To borrow some phrasing from Salt-N-Pepa, let’s talk about speech, ba-by. Let’s talk about you and me. Let’s talk about all the good things and the bad things that may be.
Maybe you read that lede and thought it was clever. Good, keep reading.
Perhaps you read it and thought, unoriginal cornball. OK, stop reading.
See that choice you made? That’s you, responding to me exercising my right to free speech.
So you, scrolling to the next thing, is not compromising my right to express myself. I expressed. You reacted.
Now let’s suppose you read this because you follow me on social media and you put it in the context of what you know about my beliefs and writing style. You’ve seen my multitude of posts about wresting our democracy from the Trump crowd or leading a book group on The 1619 Project or enjoying the recent Janet Jackson documentary or what it’s like to grieve a parent who died of COVID.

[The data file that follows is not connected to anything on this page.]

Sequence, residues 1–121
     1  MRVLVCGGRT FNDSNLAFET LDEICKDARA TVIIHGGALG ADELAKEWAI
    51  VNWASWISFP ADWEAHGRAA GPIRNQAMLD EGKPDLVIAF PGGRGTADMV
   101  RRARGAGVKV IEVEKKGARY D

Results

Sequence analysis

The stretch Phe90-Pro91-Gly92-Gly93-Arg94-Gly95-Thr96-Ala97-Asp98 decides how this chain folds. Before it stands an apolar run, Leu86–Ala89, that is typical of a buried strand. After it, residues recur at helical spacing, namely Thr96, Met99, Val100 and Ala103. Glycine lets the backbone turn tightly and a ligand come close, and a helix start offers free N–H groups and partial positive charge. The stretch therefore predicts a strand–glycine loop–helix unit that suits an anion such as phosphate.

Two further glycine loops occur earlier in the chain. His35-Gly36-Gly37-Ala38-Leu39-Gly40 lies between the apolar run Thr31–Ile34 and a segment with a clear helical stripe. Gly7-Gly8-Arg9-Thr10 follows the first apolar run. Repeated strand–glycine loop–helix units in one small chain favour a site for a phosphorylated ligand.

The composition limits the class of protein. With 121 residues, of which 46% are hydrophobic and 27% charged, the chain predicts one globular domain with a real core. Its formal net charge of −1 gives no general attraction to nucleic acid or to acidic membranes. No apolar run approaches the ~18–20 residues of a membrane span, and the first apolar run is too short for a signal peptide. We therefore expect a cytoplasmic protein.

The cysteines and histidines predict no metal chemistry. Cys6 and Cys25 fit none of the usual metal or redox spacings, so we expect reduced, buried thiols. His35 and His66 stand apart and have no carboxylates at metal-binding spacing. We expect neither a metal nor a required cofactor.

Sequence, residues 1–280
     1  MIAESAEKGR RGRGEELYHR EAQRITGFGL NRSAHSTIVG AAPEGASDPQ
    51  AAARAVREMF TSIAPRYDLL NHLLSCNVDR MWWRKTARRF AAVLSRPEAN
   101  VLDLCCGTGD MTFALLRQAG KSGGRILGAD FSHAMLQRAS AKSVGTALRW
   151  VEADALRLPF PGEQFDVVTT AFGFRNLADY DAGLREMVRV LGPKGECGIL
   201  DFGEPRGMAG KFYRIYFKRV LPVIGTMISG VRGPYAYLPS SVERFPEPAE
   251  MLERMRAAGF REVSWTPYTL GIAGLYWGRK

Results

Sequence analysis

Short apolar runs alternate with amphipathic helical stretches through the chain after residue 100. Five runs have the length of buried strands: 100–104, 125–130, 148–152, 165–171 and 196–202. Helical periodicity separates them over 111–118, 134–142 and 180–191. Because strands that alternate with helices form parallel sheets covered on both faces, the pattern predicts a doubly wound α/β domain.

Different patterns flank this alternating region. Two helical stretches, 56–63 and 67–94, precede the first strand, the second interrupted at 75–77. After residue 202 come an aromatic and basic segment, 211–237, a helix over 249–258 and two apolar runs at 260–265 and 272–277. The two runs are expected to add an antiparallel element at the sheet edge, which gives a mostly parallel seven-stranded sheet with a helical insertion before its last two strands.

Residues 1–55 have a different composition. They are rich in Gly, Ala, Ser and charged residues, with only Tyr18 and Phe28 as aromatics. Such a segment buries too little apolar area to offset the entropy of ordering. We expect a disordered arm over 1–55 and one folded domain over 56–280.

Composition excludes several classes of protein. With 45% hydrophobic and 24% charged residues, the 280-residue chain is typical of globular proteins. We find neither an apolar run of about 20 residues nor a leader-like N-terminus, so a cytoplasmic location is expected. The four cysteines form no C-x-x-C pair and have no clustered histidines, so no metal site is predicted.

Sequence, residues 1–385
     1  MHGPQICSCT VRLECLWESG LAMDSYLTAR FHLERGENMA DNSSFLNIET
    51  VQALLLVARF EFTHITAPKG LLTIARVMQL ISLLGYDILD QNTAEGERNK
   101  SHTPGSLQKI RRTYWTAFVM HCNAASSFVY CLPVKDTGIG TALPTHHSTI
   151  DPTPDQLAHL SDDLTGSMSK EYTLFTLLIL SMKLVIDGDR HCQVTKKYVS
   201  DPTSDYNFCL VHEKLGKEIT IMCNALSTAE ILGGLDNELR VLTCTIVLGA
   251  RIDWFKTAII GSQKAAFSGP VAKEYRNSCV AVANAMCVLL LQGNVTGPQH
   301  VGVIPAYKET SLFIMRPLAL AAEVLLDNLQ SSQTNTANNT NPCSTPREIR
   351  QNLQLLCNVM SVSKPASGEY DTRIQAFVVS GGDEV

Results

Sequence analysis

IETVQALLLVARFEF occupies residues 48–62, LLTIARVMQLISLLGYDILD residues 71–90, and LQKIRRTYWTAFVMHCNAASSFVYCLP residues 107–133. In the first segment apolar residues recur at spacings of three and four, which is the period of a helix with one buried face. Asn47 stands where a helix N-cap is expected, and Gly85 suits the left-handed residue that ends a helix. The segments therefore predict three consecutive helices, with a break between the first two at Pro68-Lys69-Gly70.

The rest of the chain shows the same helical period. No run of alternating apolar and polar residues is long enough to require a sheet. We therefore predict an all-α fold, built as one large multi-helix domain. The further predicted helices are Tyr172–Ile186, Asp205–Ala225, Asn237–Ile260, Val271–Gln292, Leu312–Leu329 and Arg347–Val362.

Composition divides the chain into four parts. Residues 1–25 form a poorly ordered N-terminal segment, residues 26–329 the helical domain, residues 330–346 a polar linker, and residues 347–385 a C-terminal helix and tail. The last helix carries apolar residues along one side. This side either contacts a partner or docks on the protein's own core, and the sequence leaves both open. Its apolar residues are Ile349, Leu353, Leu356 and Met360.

Next let’s say you want to hire a life coach. After careful consideration, you decide to hire someone other than me because you don’t like what I have to say on any or one of the above. That’s certainly within your rights, isn’t it?
I am acutely aware that every single thing I write, on my blog or on social media, can cost me a potential job or client. Those are the consequences of putting myself out there in an authentic way. I express public opinions almost daily. There’s no putting the toothpaste back in the tube, as they say. I don’t think some Trump supporter is going to green light me for employment anytime soon. And that is just fine by me. A chance I take for my own sanity and well-being. I am happiest when I am me.
Do you see where I’m going here? Not deeper into the history of me and my writing decisions, but pulling out the lens and widening it to the myriad of ways this comes up in the news cycle every day. My burning question: How do so many people still not get how the First Amendment applies and how it doesn’t?
If someone doesn’t hire me based on what they read, you could see that as a consequence of my choice. I lost business. I go in knowing that could happen. It’s how the world works.